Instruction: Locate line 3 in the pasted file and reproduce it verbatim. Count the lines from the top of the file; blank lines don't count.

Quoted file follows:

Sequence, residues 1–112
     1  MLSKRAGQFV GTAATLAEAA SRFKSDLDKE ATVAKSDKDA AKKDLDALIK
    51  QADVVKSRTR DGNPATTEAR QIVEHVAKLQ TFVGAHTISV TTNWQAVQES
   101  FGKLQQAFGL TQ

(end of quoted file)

    51  QADVVKSRTR DGNPATTEAR QIVEHVAKLQ TFVGAHTISV TTNWQAVQES